In one of the first reactions by a high-ranking official after the polls, the President's chief political advisor, Ko Ko Hlaing, told The Hindu on Tuesday that the reforms process was “irreversible” and appealed to the international community to lift sanctions.
Explaining the landslide victory for Aung San Suu Kyi's National League for Democracy, Hlaing said, “For many years, people have seen old faces. They wanted change, to taste a new cuisine. Politics, especially elections, is based on emotions of the people. And the emotional mood was for NLD.”
He said Suu Kyi's personality was a major factor in the victory. “She is not just a politician. She is a celebrity and has star power, which helped the party's candidates.”
The overwhelming NLD victory — official count now says they have won 40 of the 45 seats — has led to speculation that it could embolden the military “hardliners” sceptical of the democratic reforms.
Yangon political circles are abuzz with rumours that they could cite it as proof of waning political control and stall change.
While conceding that there were internal differences, Hlaing sought to allay any such apprehensions.
He said, “It is quite usual to have differences about pace and speed of reforms. That is why it requires clever management. Sometimes, reforms have to be rapid. Sometimes, a more cautious approach is needed. It has to be negotiated between the government and legislature, within the government.”
But Hlaing emphasised that the results would help reforms and make the democracy more mature.
“In any election, there will be winners and losers. One has to accept the results. This is a wake up call for parties which have lost. They should review the failure, take lessons, and get ready for the 2015 elections.”
He added that a democracy required a ‘strong opposition', and the by-poll results would now lead to ‘more open and active' discussions in parliament where NLD could raise any issue.
Asked if a Constitutional amendment removing the reserved seats for the military in parliament — a key NLD plank — was possible, Hlaing said military was in parliament to play a “balancing role, and for national interest and national security”.
In a measured tone, he added, “If the opposition can convince them that amendment is in national interest, they will support it. In the past year and a half, the military representatives have often voted with the opposition on issues.”
The President's adviser added that the elections had helped fulfil the aim of having an “inclusive parliament” with all parties.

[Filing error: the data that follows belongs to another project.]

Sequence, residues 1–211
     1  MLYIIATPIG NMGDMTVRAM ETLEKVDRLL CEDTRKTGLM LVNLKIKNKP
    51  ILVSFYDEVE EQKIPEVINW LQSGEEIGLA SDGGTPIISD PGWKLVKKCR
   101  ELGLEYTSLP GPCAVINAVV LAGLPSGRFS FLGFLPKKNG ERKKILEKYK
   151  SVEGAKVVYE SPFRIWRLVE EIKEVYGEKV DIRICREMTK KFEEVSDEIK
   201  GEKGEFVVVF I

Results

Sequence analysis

The next item on the reform agenda was “peace and reconciliation with the ethnic groups”.
Several ethnic groups are represented in parliament, but there are others — especially in the northern Kachin State – who are waging an armed movement for federalism and right to self determination.
The government has insisted on a ceasefire before political discussions, while the Kachin Independence Organisation has demanded political settlement before a ceasefire.
Declaring that the reforms were “irreversible”, the senior official appealed to the outside world for “assistance and encouragement” to help Myanmar meet challenges. In a categorical call to remove sanctions, Hlaing said, “Sanctions are a great barrier for reforms. The international community should know we have changed our game. It is an elected government committed to reform. We don't need any pressure from outside. The need is not for sticks and whips, but for carrots.”
Revealing that the European Union, Australia and Canada had shown eagerness to relax restrictions, Hlaing said, “I know U.S. sanctions cannot be lifted overnight since the sanction regime is complex and needs to go through Congress. But we hope for some relaxations.” He added that Myanmar needed “capacity building, technical assistance, capital, technology, skills, and investment”.
He also identified areas of mutual co-operation with India which is “an old and close friend”.
“India can use our deep sea ports to export to Thailand, China and other Southeast Asian countries. It can use our infrastructure to deliver supplies and logistics to its own Northeast. India can help us with technology, skills, education system and legal regime where we have a lot in common. Myanmar needs foreign investment, and people here have a long tradition of using Indian goods,” he said.
Urging Indian investors to explore business opportunities in Myanmar, he said, “If you hesitate now, it may be too late.”